© Photo courtesy of Visit Charlotte
Great golf, fine food and laidback attractions make this North Carolina city perfect for a long weekend
Charlotte, NC is perhaps not the destination that first jumps to mind in a state that’s home to the fabled Blue Mountains and 450 kilometres of coastline including the Barrier Islands and some of the best beaches on the Atlantic seaboard.
But wait: it’s the largest city in North Carolina, it’s the second-largest financial centre in the US after New York, and the food and accommodations are first class. With a population of less than 750,000 and a heralded new rapid transit system, it’s easy to get around. There are more than 100 golf courses in the area and the weather’s pleasant. These must be some of the reasons the Democrats chose Charlotte for their national convention in this election year. The session to select the candidates for president and vice-president will be held on September 6 at the Bank of America Stadium.
The city is the headquarters to America’s biggest bank’s and was also home to Wachovia which was acquired by Wells Fargo, as a result of the financial meltdown. The merged bank, now the nation’s second largest, maintains a strong presence in the city. The irony of the Democrats meeting in a location with such close ties to the bailouts that continue to dog the administration says a lot about the city’s attractiveness.
Small is beautiful
Good hotels abound — all the major chains have properties here — but for something with more enduring local roots, try the Dunhill Hotel (237 North Tryon Street; tel: 704-332-4141; dunhillhotel.com; doubles from US$169) on uptown Tryon Street (downtown elsewhere is uptown here). Built as a hotel 80 years ago, it has the seductive character of an elegant place that has lived through turbulent times and thrives anew. The rooms are tastefully decorated; the marble showers, commodious; the dinning room, intimate; the lobby bar, a snug spot perfect for a glass of wine of a late afternoon. Discerning visitors familiar with small hotels like Toronto’s Windsor Arms will feel right at home. Another pleasant surprise, the rates are remarkably reasonable.
You'll find out more about Charlotte in a happy hour at the Levine Museum of the New South (200 East Seventh Street; museumofthenewsouth.org; US$6 includes parking) than almost anywhere else. Funded by Leon Levine, the founder of the 7000-store Family Dollar chain, the museum's main exhibit is Cottonfields to Skyscrapers, a series of rooms that recreate periods in the city's history.
Visitors meander from farm to mill, city shop to segregated bus and lunch counter and are encouraged to touch, hold, listen, photograph, video and discuss. What you hear most often is: “I didn’t know that!” As popular with locals as it is with visitors, it’s a delight, the kids will love it, don’t miss it. Until September 9, the museum will host a special exhibit titled Down home: Jewish life in North Carolina. You’ll find the museum right at the start of Charlotte’s much-lauded new rapid transit system, also worth a look.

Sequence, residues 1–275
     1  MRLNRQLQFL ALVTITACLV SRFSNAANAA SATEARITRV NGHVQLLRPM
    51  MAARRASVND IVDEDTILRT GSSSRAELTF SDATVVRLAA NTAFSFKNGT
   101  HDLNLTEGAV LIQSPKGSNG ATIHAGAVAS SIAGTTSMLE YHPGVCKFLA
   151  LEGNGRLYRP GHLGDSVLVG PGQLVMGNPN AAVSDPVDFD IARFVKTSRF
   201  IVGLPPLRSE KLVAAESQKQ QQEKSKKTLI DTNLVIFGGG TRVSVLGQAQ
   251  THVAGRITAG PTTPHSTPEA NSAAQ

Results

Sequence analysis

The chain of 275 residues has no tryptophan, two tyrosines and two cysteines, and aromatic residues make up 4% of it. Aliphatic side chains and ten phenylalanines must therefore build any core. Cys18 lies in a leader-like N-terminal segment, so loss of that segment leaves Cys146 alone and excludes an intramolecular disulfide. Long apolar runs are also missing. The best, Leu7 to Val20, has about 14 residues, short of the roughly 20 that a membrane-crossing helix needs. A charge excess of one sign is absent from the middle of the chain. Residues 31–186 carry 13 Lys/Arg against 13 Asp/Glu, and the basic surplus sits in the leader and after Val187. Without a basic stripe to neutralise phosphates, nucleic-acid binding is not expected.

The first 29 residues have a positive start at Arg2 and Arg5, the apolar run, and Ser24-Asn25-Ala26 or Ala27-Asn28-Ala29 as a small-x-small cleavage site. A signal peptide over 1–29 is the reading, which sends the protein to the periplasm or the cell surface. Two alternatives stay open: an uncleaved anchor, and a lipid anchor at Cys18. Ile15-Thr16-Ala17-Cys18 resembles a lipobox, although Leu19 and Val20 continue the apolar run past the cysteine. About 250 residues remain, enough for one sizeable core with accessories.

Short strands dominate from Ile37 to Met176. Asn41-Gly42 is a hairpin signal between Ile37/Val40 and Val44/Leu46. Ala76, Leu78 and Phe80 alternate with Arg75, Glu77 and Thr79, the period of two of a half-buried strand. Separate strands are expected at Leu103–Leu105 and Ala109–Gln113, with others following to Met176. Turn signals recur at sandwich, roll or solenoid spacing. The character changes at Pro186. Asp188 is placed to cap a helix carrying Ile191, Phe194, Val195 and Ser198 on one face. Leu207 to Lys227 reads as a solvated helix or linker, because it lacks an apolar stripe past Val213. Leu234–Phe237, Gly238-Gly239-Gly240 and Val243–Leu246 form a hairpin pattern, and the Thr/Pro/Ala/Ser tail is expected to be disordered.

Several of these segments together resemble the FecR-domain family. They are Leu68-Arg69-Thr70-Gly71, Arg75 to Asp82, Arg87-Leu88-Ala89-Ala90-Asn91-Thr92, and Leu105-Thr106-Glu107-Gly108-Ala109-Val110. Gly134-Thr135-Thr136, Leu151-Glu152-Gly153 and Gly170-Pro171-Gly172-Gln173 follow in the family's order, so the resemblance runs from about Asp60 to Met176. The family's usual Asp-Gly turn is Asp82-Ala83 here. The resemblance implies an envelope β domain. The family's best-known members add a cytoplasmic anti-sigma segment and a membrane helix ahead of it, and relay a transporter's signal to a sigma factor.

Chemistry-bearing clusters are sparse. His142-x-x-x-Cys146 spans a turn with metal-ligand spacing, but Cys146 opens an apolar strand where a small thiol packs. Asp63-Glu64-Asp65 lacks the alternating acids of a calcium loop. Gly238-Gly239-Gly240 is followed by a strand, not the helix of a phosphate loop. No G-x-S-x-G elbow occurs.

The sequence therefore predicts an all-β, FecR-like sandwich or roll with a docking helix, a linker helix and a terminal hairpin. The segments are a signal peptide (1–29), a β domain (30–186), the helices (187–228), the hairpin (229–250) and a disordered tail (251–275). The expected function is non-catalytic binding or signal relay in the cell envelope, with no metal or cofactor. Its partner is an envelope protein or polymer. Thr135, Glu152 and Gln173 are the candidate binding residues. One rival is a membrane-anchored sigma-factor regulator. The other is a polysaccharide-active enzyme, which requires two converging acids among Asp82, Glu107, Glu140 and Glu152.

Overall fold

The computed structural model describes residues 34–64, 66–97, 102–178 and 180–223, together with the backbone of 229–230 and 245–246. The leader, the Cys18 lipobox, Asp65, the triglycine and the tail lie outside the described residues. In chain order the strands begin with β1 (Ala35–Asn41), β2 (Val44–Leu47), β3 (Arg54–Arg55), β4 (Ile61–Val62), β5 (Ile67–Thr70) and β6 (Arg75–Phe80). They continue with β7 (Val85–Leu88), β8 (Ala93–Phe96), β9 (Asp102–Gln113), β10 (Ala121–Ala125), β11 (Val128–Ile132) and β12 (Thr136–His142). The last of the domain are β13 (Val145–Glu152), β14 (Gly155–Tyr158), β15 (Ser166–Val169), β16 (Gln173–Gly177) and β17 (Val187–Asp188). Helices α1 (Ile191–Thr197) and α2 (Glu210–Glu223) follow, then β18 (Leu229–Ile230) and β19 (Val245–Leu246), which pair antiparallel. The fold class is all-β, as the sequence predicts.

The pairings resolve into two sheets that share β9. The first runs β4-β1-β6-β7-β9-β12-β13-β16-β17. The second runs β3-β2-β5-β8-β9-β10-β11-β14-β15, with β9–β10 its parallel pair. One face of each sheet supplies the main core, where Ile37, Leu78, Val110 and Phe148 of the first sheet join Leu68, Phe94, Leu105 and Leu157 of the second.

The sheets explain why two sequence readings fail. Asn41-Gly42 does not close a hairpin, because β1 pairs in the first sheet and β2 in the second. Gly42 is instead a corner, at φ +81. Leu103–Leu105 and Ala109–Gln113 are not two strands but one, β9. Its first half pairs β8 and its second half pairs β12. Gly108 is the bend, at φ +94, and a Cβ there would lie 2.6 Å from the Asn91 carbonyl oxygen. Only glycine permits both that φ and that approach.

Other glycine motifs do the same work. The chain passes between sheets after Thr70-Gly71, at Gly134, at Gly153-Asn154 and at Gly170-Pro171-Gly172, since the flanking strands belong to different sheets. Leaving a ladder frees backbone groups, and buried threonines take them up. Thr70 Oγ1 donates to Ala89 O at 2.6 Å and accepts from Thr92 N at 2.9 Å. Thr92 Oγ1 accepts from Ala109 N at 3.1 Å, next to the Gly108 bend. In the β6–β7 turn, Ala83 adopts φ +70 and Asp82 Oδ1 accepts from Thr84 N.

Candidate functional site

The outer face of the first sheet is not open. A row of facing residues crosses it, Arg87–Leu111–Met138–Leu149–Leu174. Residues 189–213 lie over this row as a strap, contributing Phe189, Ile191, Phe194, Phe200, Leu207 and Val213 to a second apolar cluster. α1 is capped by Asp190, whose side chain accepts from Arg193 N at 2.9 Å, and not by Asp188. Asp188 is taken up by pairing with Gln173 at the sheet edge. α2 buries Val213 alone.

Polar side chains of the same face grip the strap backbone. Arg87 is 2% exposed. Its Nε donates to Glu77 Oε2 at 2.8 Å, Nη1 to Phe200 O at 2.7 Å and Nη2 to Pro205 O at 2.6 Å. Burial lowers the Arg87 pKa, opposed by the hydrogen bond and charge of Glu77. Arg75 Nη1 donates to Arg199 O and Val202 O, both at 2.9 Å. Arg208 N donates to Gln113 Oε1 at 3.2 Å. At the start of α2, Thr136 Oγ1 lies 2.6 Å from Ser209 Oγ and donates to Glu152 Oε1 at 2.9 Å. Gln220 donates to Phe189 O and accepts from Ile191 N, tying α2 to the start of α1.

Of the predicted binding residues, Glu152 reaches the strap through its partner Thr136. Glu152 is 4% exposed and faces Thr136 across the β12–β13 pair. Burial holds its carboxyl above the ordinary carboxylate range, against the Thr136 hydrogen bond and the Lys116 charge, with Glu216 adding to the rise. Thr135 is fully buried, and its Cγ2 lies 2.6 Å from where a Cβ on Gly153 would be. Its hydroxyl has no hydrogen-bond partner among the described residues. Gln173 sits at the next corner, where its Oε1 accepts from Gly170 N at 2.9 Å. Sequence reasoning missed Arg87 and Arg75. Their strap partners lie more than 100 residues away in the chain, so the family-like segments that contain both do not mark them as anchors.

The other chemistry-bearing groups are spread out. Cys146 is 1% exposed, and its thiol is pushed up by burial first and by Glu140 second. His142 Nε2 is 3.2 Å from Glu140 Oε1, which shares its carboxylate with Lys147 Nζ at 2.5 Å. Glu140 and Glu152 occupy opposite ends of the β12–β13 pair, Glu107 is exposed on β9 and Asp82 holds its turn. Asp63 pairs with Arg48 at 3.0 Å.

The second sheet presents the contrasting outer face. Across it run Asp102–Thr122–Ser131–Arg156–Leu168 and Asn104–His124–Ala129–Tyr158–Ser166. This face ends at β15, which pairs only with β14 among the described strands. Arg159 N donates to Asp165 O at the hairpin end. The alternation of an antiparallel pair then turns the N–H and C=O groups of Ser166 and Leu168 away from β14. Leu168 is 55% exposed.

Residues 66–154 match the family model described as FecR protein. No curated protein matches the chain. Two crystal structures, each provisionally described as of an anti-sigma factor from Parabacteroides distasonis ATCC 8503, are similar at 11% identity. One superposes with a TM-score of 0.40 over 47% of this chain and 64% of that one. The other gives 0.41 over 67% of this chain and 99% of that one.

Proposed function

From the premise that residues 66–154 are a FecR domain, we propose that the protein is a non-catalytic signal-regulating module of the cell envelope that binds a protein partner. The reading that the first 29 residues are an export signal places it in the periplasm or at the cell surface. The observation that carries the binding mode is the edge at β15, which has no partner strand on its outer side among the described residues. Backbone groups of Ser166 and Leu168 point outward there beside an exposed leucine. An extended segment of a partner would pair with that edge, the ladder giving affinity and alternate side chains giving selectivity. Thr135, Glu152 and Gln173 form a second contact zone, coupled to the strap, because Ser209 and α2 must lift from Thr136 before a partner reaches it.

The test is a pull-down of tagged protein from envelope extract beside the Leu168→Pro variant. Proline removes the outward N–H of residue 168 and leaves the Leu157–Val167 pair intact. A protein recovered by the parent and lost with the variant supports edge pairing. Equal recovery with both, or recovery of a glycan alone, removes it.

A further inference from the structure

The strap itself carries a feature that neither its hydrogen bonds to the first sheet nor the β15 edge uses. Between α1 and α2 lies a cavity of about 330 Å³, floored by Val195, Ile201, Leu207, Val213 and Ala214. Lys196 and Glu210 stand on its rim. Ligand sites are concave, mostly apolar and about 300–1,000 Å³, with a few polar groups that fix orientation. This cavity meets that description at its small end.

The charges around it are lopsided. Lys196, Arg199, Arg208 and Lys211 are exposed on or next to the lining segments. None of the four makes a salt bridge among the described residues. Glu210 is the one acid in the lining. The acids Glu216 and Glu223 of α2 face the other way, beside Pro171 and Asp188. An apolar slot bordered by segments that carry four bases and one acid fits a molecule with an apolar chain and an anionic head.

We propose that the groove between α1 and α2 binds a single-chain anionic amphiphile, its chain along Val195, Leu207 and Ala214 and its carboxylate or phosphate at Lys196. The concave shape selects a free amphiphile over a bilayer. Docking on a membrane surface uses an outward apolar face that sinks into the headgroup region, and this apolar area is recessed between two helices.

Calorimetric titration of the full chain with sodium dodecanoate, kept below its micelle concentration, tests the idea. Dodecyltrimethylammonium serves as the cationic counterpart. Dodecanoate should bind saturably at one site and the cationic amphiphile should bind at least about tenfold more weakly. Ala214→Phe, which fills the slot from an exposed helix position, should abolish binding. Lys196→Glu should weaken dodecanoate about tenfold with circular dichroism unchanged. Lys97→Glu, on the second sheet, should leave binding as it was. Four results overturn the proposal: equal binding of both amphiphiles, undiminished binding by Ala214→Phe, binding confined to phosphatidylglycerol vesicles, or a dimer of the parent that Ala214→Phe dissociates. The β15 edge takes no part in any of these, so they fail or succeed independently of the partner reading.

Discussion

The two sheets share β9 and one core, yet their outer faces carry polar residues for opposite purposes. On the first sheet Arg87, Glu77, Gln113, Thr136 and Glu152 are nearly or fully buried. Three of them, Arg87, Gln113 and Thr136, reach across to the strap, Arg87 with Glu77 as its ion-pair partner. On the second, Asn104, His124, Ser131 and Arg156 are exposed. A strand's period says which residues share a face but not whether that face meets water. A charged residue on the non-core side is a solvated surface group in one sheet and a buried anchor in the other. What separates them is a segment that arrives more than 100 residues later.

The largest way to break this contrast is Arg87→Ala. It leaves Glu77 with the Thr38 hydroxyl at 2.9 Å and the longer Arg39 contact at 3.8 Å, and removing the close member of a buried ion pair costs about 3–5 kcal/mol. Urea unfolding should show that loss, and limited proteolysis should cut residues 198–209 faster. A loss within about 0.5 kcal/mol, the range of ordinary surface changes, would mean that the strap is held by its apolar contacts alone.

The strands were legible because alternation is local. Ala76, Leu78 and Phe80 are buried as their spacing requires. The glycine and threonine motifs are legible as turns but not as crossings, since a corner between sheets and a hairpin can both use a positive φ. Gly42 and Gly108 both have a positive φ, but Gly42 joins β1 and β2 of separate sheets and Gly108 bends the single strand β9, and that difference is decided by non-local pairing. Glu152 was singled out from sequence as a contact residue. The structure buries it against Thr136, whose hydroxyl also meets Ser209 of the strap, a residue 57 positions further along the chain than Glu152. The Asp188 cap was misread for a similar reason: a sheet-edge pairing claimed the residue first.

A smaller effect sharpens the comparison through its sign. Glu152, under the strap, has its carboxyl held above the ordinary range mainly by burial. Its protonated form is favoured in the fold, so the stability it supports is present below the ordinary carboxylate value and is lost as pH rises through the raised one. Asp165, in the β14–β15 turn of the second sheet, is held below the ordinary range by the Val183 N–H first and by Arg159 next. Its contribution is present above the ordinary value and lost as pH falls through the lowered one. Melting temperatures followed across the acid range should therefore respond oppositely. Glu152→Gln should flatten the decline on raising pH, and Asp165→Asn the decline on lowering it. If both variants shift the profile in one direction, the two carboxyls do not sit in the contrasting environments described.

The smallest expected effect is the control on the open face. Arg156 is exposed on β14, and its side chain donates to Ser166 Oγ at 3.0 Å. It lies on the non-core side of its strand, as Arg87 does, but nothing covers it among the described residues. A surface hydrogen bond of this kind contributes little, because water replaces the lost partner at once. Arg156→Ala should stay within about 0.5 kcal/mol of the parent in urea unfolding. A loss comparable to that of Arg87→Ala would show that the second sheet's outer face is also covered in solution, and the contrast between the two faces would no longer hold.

Here’s a concept: build an artificial river in a 400-metre loop with lots of challenging rapids to shoot, fill it with 45-million litres of water and invite the Canadian and US Olympic kayak teams to stage their trials there. And another thing, open it to the public.
The 160 wooded hectares of the US National Whitewater Center (5000 Whitewater Parkway; usnwc.org; adults US$54, kids under 10 US$44) offer visitors much more than challenging kayak and canoe runs. There’s mountain biking and running on nearly 22 kilometres of trails as well as zipline adventures across valleys and through the tree tops, rock climbing on two outstanding walls and stand-up paddle boarding on a natural lake.
Just 24 kilometres out of town, the $38-million project is a non-profit partnership, but the vibe is much like what you might find at an upscale wilderness camp: it’s all a whole lot of outdoor exercise and fun. All equipment from watercraft and paddles, to mountain bikes and helmets are provided as part of the entrance fee.
Or you can merely sit and watch. Sit at a café table on the big deck overlooking the river, eat, quaff draft beer and watch others exercise themselves into delirium. Picnics welcome anywhere. Rock bands regularly stage concerts on the property and there’s one of the best fireworks displays in the state to celebrate July 4th. Southern Living magazine calls the centre, “the best deal in the state.”
The Dunhill Hotel is a short walk from the EpiCentre (East Trade Street; epicentrenc.com), an uptown mall which is home to restaurants, bars, pubs and nightlife including the Enso Asian Bistro and Sushi Bar (210 East Trade Street; ensocharlotte.com). It’s a good choice when you’re feeling upbeat and hip. Plush banquettes, surround low tables and cosy sofas, there’s an elegant sushi bar and a new separate dinning room that can be divided into smaller spaces for private parties. The ceilings are high, the room dark, the music cool and loud. The voluminous Asian menu offers hot entrees in addition to full sushi offerings. Servings are generous and tasty, if a shade pricey. A terrific place to unwind, it’ll be jumpin’ during the Democratic convention.
Other nearby choices include Aria Tuscan Grill (100 North Tryon Street; ariacharlotte.com) which has good Italian food, moderately priced and popular with locals, as well as Blue Restaurant and Bar (206 North College Street; bluecharlotte.com) which offers dishes from all around the Mediterranean. It's popular so reservations are recommended.
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